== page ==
A lot has happened since a New American bistro by the name of The Grape opened in 1972. One president resigned and another was impeached. Jordache jeans took the roller-coaster ride of fashion, the smartphone was introduced, the human genome was mapped and dietary fat was first demonized, then praised.
Over the course of four decades in business, The Grape has made some history of its own. When Kathy McDaniel and Charlotte Parker opened The Grape, it was one of the first two restaurants in Dallas to offer wine by the glass and the first to offer a blackboard menu. And when Brian Luscher acquired the restaurant in 2007, it wasn’t long before Texas Monthly declared it had the best burger in Texas.
That burger, served all day Sundays and at dinner service Mondays, is a critical darling and a fan-favorite. On our recent visit during brunch, a parade of burgers snaked its way out of the kitchen and onto tables, including to one party of more than a dozen burger-enthused people.
But what if you don’t want the best burger in Texas for brunch? Not to fear, The Grape has you covered with a menu that has the brunch classics and then some. The menu is divided into four categories. Starters ($5 to $10) include the mushroom soup, the only thing more famous at The Grape than the burger, as well as items such as cinnamon pull-aparts ($10), sausage hush puppies in maple hot-sauce butter ($9) and biscuits and gravy ($6.)
The biscuits and gravy are of particular note and should be a requirement for any brunch at The Grape. How often does one get to taste something akin to her mother's or grandmother’s cooking? The Grape’s gravy is the kind of stuff that coats the spoon and then your mouth in a silken bath of flour and fat. It is creamy and rich, but not sickeningly so, nor is it very salty. Studded with sausage, chives and red pepper, it proved to be a soulful and homey rendition of this Southern classic.
One can quite happily rodeo a selection of starters and sides ($5) — which include a banana pepper hash, grilled tomatoes and farm eggs — into a meal fit for a king. We did that by combining the biscuits with a side order of cheddar scallion grits. The grits made for a fitting accompaniment: cheesy, creamy and with just enough freshness from the scallions to keep your heart ticking.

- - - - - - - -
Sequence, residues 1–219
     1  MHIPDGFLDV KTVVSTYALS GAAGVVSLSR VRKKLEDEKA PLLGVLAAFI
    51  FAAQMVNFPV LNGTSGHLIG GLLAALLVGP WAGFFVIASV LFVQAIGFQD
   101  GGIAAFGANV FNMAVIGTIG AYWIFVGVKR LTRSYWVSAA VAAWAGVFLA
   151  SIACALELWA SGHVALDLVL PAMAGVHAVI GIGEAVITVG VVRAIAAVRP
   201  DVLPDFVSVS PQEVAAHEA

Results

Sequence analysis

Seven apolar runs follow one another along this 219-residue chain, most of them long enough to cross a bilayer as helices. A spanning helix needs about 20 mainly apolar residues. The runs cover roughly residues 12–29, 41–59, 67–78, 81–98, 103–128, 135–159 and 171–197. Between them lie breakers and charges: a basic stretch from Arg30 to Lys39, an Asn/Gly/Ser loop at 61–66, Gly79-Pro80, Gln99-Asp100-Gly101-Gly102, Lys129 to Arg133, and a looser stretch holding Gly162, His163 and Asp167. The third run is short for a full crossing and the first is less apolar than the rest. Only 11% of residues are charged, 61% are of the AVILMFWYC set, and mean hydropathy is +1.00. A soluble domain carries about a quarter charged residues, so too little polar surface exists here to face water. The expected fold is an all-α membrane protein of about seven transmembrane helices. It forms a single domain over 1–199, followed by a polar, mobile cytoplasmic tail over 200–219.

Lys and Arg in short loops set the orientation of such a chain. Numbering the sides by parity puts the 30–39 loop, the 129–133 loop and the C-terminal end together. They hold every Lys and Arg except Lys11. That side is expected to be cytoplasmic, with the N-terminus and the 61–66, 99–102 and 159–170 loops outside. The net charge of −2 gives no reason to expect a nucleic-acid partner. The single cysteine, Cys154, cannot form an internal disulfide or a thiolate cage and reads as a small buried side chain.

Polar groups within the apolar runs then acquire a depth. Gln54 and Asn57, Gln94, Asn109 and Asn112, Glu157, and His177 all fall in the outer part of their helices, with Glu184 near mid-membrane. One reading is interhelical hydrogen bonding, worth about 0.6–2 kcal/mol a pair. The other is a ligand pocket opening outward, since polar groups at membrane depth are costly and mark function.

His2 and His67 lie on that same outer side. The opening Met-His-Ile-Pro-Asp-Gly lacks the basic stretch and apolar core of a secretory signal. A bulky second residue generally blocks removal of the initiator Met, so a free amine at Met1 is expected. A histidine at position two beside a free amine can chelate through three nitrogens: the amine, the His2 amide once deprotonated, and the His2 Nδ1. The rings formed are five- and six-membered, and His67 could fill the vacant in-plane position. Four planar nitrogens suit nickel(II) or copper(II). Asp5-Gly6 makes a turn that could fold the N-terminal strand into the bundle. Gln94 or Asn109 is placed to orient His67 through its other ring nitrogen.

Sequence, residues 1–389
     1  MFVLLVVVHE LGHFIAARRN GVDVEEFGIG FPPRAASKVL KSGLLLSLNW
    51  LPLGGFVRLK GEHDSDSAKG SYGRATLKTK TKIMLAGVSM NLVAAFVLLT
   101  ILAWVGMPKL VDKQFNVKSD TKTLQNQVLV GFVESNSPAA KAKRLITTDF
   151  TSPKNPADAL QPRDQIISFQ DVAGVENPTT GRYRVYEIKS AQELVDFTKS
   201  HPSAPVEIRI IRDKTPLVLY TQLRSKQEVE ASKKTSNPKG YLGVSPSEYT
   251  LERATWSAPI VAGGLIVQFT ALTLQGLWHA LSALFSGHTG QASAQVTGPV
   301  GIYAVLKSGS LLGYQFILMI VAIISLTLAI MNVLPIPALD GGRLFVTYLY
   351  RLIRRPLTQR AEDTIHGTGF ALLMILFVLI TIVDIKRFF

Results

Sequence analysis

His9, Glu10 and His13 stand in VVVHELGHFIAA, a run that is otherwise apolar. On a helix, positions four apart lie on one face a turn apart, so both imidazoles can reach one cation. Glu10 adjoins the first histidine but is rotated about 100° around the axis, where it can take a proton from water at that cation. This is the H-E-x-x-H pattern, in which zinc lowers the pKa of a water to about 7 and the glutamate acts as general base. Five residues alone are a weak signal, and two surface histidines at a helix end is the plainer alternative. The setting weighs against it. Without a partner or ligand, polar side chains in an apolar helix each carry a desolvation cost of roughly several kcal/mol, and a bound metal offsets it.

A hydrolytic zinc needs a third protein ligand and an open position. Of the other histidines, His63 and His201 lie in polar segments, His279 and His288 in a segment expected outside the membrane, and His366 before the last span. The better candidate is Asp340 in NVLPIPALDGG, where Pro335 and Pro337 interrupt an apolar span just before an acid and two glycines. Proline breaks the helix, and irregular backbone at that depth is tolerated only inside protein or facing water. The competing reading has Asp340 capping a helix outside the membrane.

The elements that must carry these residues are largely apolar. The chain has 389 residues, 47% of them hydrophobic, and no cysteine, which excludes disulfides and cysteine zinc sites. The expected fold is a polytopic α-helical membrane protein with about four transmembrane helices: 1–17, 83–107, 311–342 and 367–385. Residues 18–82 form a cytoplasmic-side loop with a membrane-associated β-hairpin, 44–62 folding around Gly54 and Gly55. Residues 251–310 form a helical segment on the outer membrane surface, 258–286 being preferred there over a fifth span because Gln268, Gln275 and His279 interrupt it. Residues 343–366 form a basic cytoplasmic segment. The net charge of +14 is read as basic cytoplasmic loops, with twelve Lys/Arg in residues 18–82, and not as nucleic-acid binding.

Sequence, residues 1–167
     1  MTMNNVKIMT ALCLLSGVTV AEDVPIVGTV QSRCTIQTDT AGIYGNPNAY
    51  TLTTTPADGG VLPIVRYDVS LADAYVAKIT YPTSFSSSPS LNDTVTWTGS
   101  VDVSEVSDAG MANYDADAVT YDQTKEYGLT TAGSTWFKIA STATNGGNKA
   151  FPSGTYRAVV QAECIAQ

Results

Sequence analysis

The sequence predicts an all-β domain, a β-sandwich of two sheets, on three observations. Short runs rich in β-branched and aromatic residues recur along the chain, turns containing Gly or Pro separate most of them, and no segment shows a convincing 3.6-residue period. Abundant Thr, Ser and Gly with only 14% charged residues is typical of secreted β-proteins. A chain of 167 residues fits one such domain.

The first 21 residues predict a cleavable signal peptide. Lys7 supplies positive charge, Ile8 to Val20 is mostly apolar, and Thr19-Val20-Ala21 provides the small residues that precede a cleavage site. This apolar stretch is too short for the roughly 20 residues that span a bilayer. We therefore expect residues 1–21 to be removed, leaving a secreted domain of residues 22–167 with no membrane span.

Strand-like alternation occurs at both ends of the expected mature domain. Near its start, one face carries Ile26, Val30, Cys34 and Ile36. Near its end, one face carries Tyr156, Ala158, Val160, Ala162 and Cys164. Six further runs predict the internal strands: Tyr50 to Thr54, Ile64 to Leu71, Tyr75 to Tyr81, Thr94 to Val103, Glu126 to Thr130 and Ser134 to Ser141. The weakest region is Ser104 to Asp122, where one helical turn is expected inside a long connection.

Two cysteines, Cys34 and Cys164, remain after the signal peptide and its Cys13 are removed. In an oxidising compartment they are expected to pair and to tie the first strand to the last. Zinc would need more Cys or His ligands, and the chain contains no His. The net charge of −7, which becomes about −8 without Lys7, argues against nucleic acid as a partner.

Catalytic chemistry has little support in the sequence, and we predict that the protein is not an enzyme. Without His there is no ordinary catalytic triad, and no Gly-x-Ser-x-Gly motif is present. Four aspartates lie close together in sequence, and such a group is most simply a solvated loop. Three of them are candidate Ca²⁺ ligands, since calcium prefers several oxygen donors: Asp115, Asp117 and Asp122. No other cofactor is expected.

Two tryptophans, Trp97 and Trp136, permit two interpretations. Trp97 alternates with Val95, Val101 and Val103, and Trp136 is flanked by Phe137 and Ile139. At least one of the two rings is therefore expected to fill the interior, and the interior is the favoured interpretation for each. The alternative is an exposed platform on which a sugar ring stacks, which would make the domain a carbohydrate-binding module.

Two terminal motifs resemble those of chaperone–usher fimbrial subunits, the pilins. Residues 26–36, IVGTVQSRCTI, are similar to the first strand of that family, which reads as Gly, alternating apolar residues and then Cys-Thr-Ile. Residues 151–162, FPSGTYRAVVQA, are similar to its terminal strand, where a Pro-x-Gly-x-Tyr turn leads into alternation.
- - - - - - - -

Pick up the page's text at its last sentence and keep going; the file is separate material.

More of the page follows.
The rest of menu is divided into meals that are either “breakfast” ($11 to $15) or, by contrast, “not breakfast” ($12 to $18). The former category is dedicated to chilaquiles streaked with salsa verde and lime crema, Belgian waffles, two-egg plates and the like; the latter category dashes from gyros to chef’s salad to shrimp and grits. We opted for the decidedly breakfast-like Haystack ($14). The Haystack arrives like a more structurally sound Tower of Pisa, only this tower was erected in honor of the a.m.
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Here, a round of rosti potatoes (the Swiss version of a potato pancake) is stacked with half-scrambled eggs and a bit of Muenster before being topped off with grilled tomatoes, a generous portion of sliced avocado and frisée dressed in a sweet vinaigrette. A swirl of burnt orange chili Sriracha sauce finished the dish, which, despite its many wonderful parts, never wowed. Indeed, it proved to be an exceedingly mellow affair in both texture and taste. Next time, skip the stack and order an extra plate of biscuits and gravy.
We ended our meal on a sweet note with an order of the lemon-kissed ricotta blueberry blintzes ($9). While officially listed as a starter, the blintzes made for a lovely close to an imperfect but still enjoyable meal.
The Grape has proven itself, decade after decade, as a font of good food and wine in Dallas. If our meal can serve as an indicator, that reputation largely bleeds over into the average brunch experience — burger or no burger.
The Grape, 2808 Greenville Ave. Brunch is served from 10:30 a.m. to 2 p.m. Sundays.